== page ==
Aurobindo had begun his practice of yoga in 1904. He had searched for a guru for several years but, finding none, had taught himself through his study of the ancient Hindu scriptures. In 1907, with the assistance of Sri Lele, Aurobindo experienced his first of four major spiritual openings: samadhi, the experience of oneness between self and Brahman, the ultimate reality.

Prior to his imprisonment in 1908, Aurobindo’s yogic disci­pline had focused on his work for the independence of India. While in prison, Aurobindo devoted most of his time to spiritual practice and study, and his sense of mission broadened from India’s liberation to that of the entire planet. While in Alipore jail he experienced his second spiritual opening: a vision of Krishna as

a living, personal God who brought a transformation of light to all who surrendered themselves to Him.

When Aurobindo received his message to abandon his political work, he realized both that armed revolt would not be needed to free India from British rule and that his own calling was no longer Indian independence but the larger, more profound work of teaching humanity about the next step in its evolution. Within hours of receiving this message, Aurobindo let go of the life he had known for more than a decade and traveled to Chandernagore. Here he experienced his third illumination:

. . . a vision of the supreme Reality as a multiform Unity, simultaneously static and dynamic, character­ized by silence and expression, emptiness and creativ­ity, infinite and yet composed of manifold forms.

In this vision Aurobindo saw the Divine as both immanent in all things of the world and simultaneously transcendent to the world that humans know. He discovered the evolutionary need not to reject any part of reality, as many previous Hindu mystics had done, but to understand all of reality as divine and worthy of liberation.

In his first decade in Puducherry, Aurobindo lived with a small group of followers who had come with him from Calcutta. From 1914 to 1921 he edited Arya, a journal in which he published in the form of serial articles most of what would constitute his major writings, including The Life Divine, The Human Cycle, The Ideal of Human Unity, and Bases of Yoga.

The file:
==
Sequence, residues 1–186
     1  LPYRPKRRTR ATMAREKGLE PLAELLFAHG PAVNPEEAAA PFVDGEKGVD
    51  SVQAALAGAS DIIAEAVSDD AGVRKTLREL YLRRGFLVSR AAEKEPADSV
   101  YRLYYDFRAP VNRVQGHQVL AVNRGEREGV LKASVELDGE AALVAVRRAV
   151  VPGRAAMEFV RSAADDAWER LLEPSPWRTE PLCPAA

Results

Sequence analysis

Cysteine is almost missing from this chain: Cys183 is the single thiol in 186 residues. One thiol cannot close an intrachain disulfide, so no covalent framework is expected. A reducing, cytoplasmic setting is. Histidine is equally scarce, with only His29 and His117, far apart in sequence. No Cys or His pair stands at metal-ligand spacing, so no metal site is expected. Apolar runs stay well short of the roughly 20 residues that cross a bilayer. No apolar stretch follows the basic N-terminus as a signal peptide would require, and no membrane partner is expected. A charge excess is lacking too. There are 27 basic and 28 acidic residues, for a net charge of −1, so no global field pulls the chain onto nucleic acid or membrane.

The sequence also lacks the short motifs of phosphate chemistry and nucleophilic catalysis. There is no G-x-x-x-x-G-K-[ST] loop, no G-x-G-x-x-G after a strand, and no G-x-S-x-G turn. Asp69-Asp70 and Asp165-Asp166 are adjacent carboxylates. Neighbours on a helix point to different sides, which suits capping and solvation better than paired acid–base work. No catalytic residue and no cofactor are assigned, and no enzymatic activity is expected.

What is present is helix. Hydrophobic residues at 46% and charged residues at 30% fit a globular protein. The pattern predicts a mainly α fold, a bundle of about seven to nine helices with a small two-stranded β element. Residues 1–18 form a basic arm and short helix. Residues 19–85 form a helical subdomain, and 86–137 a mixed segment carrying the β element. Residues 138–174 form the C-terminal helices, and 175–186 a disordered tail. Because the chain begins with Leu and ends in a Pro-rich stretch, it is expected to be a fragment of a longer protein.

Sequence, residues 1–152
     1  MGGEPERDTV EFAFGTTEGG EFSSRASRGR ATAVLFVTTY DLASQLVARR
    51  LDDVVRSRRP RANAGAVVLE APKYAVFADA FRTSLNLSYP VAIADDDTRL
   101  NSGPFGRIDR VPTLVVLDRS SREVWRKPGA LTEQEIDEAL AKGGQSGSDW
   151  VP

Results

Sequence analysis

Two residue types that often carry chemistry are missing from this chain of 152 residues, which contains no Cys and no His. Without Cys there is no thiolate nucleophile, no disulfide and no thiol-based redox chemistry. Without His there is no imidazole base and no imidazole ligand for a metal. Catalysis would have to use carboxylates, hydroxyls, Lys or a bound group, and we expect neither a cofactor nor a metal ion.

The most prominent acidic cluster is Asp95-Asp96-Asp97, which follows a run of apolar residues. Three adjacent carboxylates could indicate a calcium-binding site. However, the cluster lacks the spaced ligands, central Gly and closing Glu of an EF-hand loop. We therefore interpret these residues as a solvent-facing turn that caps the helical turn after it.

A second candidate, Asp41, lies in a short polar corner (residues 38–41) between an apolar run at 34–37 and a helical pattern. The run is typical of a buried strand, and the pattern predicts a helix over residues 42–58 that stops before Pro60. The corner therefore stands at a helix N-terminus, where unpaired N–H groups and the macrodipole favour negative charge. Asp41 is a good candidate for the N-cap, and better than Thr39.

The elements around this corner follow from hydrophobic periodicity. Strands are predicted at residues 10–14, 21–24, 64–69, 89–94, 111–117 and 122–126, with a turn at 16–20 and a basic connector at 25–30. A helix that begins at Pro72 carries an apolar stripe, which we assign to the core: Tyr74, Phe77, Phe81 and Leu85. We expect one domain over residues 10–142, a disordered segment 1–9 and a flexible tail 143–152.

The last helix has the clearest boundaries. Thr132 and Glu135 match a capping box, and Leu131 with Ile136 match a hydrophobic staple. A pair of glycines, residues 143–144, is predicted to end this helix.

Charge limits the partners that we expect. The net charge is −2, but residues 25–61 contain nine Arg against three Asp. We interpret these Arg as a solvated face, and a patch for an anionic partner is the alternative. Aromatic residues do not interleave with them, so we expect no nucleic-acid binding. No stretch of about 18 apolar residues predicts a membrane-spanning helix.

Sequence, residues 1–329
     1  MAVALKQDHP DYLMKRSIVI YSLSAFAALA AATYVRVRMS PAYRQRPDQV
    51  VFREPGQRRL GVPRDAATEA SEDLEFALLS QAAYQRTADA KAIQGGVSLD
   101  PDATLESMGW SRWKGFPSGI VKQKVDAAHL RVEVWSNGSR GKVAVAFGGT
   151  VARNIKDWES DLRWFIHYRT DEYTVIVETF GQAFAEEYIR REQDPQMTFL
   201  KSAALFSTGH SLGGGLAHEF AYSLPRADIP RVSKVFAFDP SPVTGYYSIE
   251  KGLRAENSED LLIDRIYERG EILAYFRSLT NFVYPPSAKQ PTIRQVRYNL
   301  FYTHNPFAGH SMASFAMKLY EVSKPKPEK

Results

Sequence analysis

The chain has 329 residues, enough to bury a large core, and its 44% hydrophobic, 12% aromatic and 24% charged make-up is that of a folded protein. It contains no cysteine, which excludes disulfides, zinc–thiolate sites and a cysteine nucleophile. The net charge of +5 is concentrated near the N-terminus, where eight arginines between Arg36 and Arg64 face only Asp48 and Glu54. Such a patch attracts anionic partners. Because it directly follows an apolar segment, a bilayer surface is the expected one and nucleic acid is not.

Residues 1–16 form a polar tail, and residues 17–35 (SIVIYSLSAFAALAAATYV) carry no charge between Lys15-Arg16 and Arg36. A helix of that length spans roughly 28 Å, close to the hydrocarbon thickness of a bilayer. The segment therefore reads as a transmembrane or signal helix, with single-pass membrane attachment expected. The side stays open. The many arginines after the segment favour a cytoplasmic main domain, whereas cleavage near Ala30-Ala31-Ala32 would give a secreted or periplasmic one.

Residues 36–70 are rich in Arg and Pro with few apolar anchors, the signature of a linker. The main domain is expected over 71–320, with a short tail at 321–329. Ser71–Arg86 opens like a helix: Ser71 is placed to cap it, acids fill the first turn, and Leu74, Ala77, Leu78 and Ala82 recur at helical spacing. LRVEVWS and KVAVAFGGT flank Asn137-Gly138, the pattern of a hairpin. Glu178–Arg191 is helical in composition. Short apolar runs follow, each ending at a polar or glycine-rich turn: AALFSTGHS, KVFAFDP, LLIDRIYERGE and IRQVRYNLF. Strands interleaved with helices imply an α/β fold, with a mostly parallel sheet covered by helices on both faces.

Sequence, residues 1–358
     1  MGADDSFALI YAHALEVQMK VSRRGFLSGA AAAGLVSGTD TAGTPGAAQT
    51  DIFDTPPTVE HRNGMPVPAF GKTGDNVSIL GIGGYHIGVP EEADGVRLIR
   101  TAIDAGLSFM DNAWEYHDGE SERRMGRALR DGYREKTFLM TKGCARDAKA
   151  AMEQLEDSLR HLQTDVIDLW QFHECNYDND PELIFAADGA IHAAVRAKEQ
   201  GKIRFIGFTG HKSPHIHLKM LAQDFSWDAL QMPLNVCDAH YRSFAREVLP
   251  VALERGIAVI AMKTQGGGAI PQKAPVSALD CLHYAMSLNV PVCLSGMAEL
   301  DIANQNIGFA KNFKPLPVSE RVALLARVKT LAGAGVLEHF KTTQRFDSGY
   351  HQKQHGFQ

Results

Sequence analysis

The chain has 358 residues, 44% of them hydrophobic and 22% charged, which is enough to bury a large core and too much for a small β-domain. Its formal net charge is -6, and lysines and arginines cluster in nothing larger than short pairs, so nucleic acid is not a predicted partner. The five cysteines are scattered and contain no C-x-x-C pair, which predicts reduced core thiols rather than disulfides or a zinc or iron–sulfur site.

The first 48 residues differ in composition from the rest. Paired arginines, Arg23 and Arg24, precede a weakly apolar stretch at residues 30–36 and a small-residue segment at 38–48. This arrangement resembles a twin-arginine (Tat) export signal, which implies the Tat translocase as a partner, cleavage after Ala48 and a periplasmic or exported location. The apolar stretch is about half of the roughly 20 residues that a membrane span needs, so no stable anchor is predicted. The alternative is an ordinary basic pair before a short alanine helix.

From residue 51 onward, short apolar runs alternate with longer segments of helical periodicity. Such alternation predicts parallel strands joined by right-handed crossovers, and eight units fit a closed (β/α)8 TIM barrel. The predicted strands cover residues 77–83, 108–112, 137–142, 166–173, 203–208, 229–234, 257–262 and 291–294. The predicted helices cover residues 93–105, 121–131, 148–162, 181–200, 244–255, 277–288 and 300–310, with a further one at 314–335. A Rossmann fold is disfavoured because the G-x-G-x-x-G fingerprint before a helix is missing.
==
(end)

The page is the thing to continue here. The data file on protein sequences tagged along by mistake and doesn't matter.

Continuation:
In 1914 Mira (Alfassa) and Paul Richard, an upper-class French couple who were traveling in Asia in search of a spiritual teacher, had visited Aurobindo in Puducherry. Both recognized him immediately as their guru. Paul had stayed on and helped to found Arya before return­ing to France to fight in World War I. Mira continued on her jour­ney to Japan but returned to Puducherry in 1920 to join Aurobindo as his student. Soon afterward he recognized her as The Mother, his own spiritual partner. He explained, “The Mother’s consciousness is the divine consciousness. There is no difference between The Mother’s path and mine; we have and have always had the same path.”6

By 1926 Aurobindo’s community of followers and students had grown from a handful of people to several hundred members. In that year Aurobindo experienced his fourth illumination: his “Day of Siddhi” when he felt the Overmind, a higher spiritual level of being than mind, descend into the physical plane of this planet. Immediately after this experience, Aurobindo turned over the responsibilities of administering this community, which soon took the form of the Sri Aurobindo Ashram, to Mira Alfassa, The Mother. He retired into an almost complete seclusion for the rest of his life, al­though he stayed very much in touch with the world through peri­odicals and letters and did appear in public on four occasions each year. He also kept up a voluminous correspondence with his disciples in the ashram.

While Aurobindo lived in seclusion for the final third of his life, he broke his public silence on two occasions. During World War II he saw Hitler and the Nazi forces as the expression of pure evil in the world and appealed to all Indians to put aside their grievances with the British temporarily and to support them in the war against Germany. In 1947 India received her independence on August 15, Aurobindo’s seventy-fifth birthday, and Aurobindo delivered a radio speech about the significance of the day and the event.

Aurobindo Ghose died in 1950. Mira Alfassa lived on until 1973. In those twenty-three years she guided the Ashram and its attempt to embody Aurobindo’s teachings. By the late 1960s the community had grown to more than two thousand members from all over the world. In 1968 the followers of Aurobindo founded Auroville, a spiritually based “city of the future” near the Ashram, which has been recognized by the Indian government as an international city-state.

The Sri Aurobindo Ashram and Auroville are both alive and well in the world today.